One of my least favourite interview questions is, “tell me about yourself”. I don’t like it, so I don’t ask it. To me, it’s always felt like a ‘gotcha’ setup, because there are no parameters, there’s no direction. You could start by saying where and when you were born (almost certainly missing the recruiter’s meaning by at least a couple of decades) and technically you’d be answering the question.
And yet, you will be asked this question in an interview, if you haven’t already. So – to appease those people who (ugh) insist on asking it – what’s the right approach? The answer is: the elevator pitch. Read More
There are many ways a person might stand out from the crowd. Sometimes that’s a good thing. Depending on the way you choose to stand out, though, sometimes it’s not. When you’re a candidate competing for a job, your experience and qualifications are the things that should differentiate you from your competition. Not gimmicks.
Far too often, I’ve read well-intentioned pieces of advice about creative and unique ways to stand out from the crowd when applying for jobs, and today I’d like to tell you why you shouldn’t follow any of them.Read More
I can be a broken record when it comes to cover letters, but if I am, it’s only because I want you to know where they fit into the hiring process – particularly at the screening stage. I will probably only read your cover letter if I’ve read your resume and already decided that I’m probably going to interview you.
It’s an important principle, because most people write a cover letter with the mindset that it’s going to convince me to read their resume. It’s not. Your cover letter will do one of two things: reaffirm my decision to interview you, or change my mind and decide not to. This changes how you write them, and I’m writing this to help yours do more of the former than the latter.Read More
New job regrets? Throughout my professional career, I’ve seen a great many people struggle with a recent job change, wanting to make an immediate U-turn. Candidates I’ve recruited and placed have called me in near-panic a few weeks afterwards, warning me that they were probably going to leave their new job. Several former employees have called me after leaving the organization I managed, asking whether their job was still open and whether they could come back. I’ve experienced it myself – feeling like a deer caught in headlights, asking myself, “Oh, no … what have I done?”
Why is this so incredibly common, when a new job should be positive and exciting?Read More
To a certain extent, a job search is a numbers game. Statistically speaking, the more applications you send out, the more likely that one of them will materialize into a job. This assumes, of course, that the applications are well put-together, and that your experience is a reasonably good fit for the job you’re applying for. But when it comes to fit, how good is good enough? Here’s why you should use the 75% rule when applying for a job.Read More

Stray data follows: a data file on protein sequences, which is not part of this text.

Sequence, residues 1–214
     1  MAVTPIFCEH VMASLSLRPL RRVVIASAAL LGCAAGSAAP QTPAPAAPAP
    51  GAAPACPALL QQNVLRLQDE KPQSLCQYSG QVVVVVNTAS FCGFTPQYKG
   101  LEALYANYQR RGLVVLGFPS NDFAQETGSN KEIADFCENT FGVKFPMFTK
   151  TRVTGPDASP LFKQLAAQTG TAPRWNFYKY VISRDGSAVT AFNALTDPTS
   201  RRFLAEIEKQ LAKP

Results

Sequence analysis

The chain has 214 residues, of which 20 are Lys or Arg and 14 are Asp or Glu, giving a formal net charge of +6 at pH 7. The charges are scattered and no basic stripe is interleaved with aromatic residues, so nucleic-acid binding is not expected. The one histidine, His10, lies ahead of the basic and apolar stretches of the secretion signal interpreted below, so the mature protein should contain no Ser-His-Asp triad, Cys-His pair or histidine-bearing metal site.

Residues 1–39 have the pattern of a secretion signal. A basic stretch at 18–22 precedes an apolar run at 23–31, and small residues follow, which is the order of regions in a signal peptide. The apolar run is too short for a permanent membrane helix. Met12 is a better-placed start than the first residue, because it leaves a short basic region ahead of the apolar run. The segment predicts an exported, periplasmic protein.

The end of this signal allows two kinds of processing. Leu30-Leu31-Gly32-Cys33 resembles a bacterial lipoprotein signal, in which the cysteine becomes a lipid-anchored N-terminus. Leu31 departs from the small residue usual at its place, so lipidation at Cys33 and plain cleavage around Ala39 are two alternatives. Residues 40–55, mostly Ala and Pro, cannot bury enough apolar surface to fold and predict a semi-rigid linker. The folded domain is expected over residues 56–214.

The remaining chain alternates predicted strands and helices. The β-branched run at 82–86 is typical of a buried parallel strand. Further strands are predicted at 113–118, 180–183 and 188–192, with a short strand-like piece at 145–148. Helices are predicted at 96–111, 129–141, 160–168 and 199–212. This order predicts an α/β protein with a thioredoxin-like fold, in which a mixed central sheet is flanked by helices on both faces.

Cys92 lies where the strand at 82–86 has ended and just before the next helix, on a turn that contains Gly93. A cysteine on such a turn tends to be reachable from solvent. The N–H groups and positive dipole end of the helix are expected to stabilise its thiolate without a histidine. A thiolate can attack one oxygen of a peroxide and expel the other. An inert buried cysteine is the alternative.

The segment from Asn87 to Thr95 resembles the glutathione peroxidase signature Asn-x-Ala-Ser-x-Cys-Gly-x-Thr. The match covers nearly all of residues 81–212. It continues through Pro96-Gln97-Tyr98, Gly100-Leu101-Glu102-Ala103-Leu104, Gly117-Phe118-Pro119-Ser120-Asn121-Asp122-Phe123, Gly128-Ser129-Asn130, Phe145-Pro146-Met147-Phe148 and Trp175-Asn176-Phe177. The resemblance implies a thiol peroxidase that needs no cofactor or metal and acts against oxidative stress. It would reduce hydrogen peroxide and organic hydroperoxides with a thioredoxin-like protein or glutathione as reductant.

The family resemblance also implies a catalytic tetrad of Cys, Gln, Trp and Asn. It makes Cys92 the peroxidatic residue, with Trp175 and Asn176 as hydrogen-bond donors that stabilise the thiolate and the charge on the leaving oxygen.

During a job search – possibly many times in succession – you’ll almost certainly face the rejection and disappointment of being passed over for a job. Heck, ‘disappointment’ sometimes doesn’t even come close to describing how that feels. If you’ve been through interviews where you felt like you and the other people just clicked, if you’ve started to imagine working in that job, if you’ve started to picture a long-term future with that company, it can feel like you’ve just been crushed. Compound that many times over if you’re unemployed, already feeling down, and really need the job. Read More
As if today’s job applicants didn’t have enough to worry about. You’ve got the quality of your applications, making sure your resume is up to snuff. You’ve got the hiring managers who are doing their best to screen out as many people as possible before interviewing anyone. You’ve got competition from other job seekers – possibly hundreds of them.
There’s another adversary you might be hearing a lot about. Artificial intelligence. Spoiler alert: it’s not your adversary.Read More
After a big game – win or lose – a good coach always gathers the team together and talks about how they played. After each performance, a world-class musician reviews where they made mistakes, and practices those passages repeatedly before the next performance. I could go on, but you get the drift. We have to figure out what needs improvement, before we can improve it.
Think about your last job interview. Did you leave the meeting, head home, send a thank you, cross your fingers that you’d hear back soon, and – more or less – leave it at that? If you said yes, you’re not alone. This is true for most people.Read More
If you’re on the job market – whether you’re employed or not – responding to job postings is usually the starting point. And rightly so; to borrow sales terminology, these are the ‘hot leads’ of the job-seekers world. But if you’re stopping there, you’re missing out on a lot of potential opportunities. The way to tap into that opportunity is through networking. If you’re wondering why or how, read on.Read More